FSMO roles does not determine or is called a primary DC.  This is not what you are taught in any MS AD course.  AD is peer to peer.  Don't confuse the PDC emulator with what makes a DC primary.  It is just a role.  Having worked with NT since its inception there is quite a different between it and AD.

 

You are correct in that I misspoke about mailboxes vs databases concerning exchange.



#7 androbourne

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Posted 27 June 2016 - 12:50 PM

FSMO roles does not determine or is called a primary DC.  This is not what you are taught in any MS AD course.  AD is peer to peer.  Don't confuse the PDC emulator with what makes a DC primary.  It is just a role.  Having worked with NT since its inception there is quite a different between it and AD.

 

You are correct in that I misspoke about mailboxes vs databases concerning exchange.

 

FSMO roles quite do determine a primary DC from a secondary DC... a domain network without access to the FSMO role server is basically no longer a domain network as it would not function properly after X amount of time is reached.

 

If DC01 has all the FSMO roles (as well as AD and DNS etc..) then that is your primary DC, it is that simple. While DC02 can cache said roles and continue to keep the domain functional while DC01 is down (due to replication). That is meant for only short periods of time. You can easily get stuck in a journal wrapping state or even brick the whole domain by running on a DC without any FSMO role connections for an extended period of time...

 

This is why proper decommissions of old DC's is so important  and why split role DCs are a thing.

So yes, FSMO roles do determine the primary from a secondary DC.

 

And I'm also MSCE 2012 certificated and currently going for MSCE 2016 upgrade. I know what the material states...



#8 JohnnyJammer

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Posted 28 June 2016 - 07:39 PM

 

FSMO roles does not determine or is called a primary DC.  This is not what you are taught in any MS AD course.  AD is peer to peer.  Don't confuse the PDC emulator with what makes a DC primary.  It is just a role.  Having worked with NT since its inception there is quite a different between it and AD.

 

You are correct in that I misspoke about mailboxes vs databases concerning exchange.

 

FSMO roles quite do determine a primary DC from a secondary DC... a domain network without access to the FSMO role server is basically no longer a domain network as it would not function properly after X amount of time is reached.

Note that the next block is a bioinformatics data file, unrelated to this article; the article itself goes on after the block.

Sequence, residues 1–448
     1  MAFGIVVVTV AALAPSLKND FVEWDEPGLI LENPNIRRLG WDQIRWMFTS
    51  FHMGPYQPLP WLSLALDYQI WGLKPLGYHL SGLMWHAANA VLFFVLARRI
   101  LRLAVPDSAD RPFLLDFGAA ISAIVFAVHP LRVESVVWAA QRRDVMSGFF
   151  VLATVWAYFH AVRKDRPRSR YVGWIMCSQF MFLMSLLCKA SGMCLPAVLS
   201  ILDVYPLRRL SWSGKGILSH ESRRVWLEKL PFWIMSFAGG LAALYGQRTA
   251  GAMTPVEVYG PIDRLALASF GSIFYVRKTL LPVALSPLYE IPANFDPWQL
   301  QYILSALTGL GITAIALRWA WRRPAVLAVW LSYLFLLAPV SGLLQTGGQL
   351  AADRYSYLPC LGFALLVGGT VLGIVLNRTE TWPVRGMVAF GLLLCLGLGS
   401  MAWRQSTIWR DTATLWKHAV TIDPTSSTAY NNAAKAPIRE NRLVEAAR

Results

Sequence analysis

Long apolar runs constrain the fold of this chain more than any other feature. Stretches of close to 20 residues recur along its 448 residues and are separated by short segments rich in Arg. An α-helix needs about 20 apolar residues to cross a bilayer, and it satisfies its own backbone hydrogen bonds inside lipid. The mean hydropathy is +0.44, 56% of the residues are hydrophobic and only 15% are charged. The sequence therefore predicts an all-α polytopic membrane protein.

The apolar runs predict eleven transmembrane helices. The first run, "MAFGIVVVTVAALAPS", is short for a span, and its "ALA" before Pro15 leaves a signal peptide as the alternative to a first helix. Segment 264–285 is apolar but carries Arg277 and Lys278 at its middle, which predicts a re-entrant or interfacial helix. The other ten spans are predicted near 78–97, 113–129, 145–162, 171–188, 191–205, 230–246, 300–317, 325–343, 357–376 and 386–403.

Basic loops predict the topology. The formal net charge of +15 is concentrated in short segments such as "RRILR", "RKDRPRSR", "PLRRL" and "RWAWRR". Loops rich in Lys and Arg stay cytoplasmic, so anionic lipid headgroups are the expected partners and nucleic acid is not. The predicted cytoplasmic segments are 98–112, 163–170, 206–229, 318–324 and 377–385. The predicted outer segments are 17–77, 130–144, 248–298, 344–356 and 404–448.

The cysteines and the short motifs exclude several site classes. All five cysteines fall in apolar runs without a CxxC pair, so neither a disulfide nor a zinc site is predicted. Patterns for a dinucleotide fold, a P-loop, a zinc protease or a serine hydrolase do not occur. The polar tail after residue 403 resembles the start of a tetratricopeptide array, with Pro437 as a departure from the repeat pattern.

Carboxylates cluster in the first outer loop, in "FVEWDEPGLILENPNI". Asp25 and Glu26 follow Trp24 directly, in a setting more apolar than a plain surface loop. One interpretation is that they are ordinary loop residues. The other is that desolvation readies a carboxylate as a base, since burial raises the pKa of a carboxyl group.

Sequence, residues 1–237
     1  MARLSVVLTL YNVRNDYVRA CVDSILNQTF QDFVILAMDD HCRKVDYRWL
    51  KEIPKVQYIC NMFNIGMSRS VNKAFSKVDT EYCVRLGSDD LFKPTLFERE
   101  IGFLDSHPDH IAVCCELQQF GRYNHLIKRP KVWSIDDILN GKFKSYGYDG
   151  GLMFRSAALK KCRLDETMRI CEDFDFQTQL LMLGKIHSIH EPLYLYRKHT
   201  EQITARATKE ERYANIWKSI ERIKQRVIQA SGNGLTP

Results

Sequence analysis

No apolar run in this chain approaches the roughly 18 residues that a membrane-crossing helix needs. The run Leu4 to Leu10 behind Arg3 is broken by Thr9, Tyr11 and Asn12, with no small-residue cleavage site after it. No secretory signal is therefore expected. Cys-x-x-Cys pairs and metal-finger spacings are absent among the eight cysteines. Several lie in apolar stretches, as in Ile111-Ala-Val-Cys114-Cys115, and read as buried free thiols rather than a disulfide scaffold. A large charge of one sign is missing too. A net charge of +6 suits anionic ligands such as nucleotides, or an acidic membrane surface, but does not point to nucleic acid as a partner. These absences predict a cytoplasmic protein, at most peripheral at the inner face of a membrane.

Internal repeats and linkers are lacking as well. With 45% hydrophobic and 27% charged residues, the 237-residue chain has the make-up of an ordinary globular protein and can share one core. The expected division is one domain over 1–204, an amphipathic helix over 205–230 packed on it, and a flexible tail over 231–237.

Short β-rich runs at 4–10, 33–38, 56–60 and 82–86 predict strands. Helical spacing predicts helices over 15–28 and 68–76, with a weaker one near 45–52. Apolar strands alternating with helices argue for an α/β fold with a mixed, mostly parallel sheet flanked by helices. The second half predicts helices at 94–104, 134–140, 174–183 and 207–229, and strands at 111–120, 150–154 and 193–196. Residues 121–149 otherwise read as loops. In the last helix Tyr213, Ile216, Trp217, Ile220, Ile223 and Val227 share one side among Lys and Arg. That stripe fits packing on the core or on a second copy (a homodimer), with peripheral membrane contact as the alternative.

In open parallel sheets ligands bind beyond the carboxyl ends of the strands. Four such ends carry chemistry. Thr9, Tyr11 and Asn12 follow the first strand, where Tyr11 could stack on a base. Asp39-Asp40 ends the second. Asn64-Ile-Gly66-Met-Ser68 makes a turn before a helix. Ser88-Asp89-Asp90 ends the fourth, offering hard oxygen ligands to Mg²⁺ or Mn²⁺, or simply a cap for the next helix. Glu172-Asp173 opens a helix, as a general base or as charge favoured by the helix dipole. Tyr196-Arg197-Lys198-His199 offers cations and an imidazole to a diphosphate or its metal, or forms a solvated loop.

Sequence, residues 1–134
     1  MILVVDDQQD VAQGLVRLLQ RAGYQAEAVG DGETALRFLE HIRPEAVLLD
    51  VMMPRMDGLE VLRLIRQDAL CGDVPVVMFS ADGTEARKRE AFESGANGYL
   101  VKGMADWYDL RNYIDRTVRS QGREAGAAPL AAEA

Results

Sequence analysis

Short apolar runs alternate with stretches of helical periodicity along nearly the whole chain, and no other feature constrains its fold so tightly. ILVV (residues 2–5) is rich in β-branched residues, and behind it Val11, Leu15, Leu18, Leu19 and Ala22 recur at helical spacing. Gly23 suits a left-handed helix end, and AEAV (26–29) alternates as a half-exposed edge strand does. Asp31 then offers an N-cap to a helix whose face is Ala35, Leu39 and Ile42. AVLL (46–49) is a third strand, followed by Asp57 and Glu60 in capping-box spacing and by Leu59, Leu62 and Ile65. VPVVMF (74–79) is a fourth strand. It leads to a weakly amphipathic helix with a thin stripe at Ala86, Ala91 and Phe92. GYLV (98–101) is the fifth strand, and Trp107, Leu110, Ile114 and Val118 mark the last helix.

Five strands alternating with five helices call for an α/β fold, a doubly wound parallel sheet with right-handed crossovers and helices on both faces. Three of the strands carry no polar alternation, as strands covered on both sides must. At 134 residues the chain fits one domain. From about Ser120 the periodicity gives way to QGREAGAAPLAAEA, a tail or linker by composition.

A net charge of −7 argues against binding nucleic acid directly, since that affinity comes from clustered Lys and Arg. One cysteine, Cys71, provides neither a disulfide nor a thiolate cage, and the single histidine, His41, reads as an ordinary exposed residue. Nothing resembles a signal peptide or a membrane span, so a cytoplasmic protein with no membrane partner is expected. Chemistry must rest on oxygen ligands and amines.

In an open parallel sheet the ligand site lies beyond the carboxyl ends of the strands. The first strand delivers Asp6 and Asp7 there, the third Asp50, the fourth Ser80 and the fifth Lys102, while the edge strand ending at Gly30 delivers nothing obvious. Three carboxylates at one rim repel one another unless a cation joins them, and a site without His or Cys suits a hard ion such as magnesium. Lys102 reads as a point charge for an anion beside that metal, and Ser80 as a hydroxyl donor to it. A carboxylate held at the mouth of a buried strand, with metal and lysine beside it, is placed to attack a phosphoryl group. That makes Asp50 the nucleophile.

If DC01 has all the FSMO roles (as well as AD and DNS etc..) then that is your primary DC, it is that simple. While DC02 can cache said roles and continue to keep the domain functional while DC01 is down (due to replication). That is meant for only short periods of time. You can easily get stuck in a journal wrapping state or even brick the whole domain by running on a DC without any FSMO role connections for an extended period of time...

 

This is why proper decommissions of old DC's is so important  and why split role DCs are a thing.

So yes, FSMO roles do determine the primary from a secondary DC.

 

And I'm also MSCE 2012 certificated and currently going for MSCE 2016 upgrade. I know what the material states...

 

So TL;DR, hit that tombstone wall and then take back the FSMO.

Use the power luke.....use the power LOL.



#9 androbourne

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Posted 29 June 2016 - 09:07 AM

 

 

FSMO roles does not determine or is called a primary DC.  This is not what you are taught in any MS AD course.  AD is peer to peer.  Don't confuse the PDC emulator with what makes a DC primary.  It is just a role.  Having worked with NT since its inception there is quite a different between it and AD.

 

You are correct in that I misspoke about mailboxes vs databases concerning exchange.

 

FSMO roles quite do determine a primary DC from a secondary DC... a domain network without access to the FSMO role server is basically no longer a domain network as it would not function properly after X amount of time is reached.

 

If DC01 has all the FSMO roles (as well as AD and DNS etc..) then that is your primary DC, it is that simple. While DC02 can cache said roles and continue to keep the domain functional while DC01 is down (due to replication). That is meant for only short periods of time. You can easily get stuck in a journal wrapping state or even brick the whole domain by running on a DC without any FSMO role connections for an extended period of time...

 

This is why proper decommissions of old DC's is so important  and why split role DCs are a thing.

So yes, FSMO roles do determine the primary from a secondary DC.

 

And I'm also MSCE 2012 certificated and currently going for MSCE 2016 upgrade. I know what the material states...

 

So TL;DR, hit that tombstone wall and then take back the FSMO.

Use the power luke.....use the power LOL.

 

Eh... you dont want to be hitting the tombstone in the first place... thats the point.